4. We are caca-conflicted
Conflicted human attitudes toward faeces have deep biological roots and reflect relationships to excrement seen throughout the animal kingdom. In evolutionary terms, positive associations with the scent of excrement may be rooted in biological urges to define territory and communicate with others, as well as the observation that food plants grow better in areas that had been manured. When human populations were mostly nomadic and when settlements were small and sparse, the positive associations with excrement outweighed whatever risks were perceived. This positive view of manure, historically reflected in a thriving commercial trade in excrement, has persisted when connections between city and countryside have been explicit and open, and in rural agricultural areas today. As we have increased our understanding of transmission of killer diseases such as cholera and childhood diarrhoea in the last few centuries, however, and as the beneficial association of flush toilets and clean bathrooms with survival has become clear, city dwellers have learned to take an unambiguously negative attitude towards shit. The shift from a positive view to a negative view is thus rooted in shifts from people living in the country to people living in cities, to a loss of connection between food producers and consumers, and to our increased scientific understanding of causes of disease.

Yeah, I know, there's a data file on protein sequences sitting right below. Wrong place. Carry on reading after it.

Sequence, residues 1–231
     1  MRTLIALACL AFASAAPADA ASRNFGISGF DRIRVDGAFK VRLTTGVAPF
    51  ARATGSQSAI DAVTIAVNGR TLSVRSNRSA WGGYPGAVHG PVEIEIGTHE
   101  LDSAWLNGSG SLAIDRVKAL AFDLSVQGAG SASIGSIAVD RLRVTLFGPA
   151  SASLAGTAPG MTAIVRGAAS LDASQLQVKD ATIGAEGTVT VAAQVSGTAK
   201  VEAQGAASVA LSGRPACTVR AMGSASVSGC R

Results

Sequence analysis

5. Crap relationships matter
Excrement is part of what has been referred to as a “wicked” problem. The “problem” of faeces is deeply embedded in a restructured global (eco) system of livestock-rearing and trade, as well as water-based disposal systems (flush toilets and sewage treatment plants); these were developed to improve food supplies, promote health and stimulate economic prosperity. Nevertheless, the solutions to problems, while effective if viewed narrowly, also result in a depletion of potable water, and a major redistribution of water and nutrients from some ecosystems, which are thus impoverished (e.g. soy beans in Brazil), through animal and human faeces into other ecosystems, which are thus over-fertilised (particularly those where industrialised animal rearing has been selected as the solution to the “food problem”). Solutions to excrement-related public health and environmental problems call for a new understanding of the science of relationships among things (as differentiated from a science of things-in-themselves), and will only be sustainable if they account, simultaneously, for the manifold ecological and cultural webs in which they are embedded.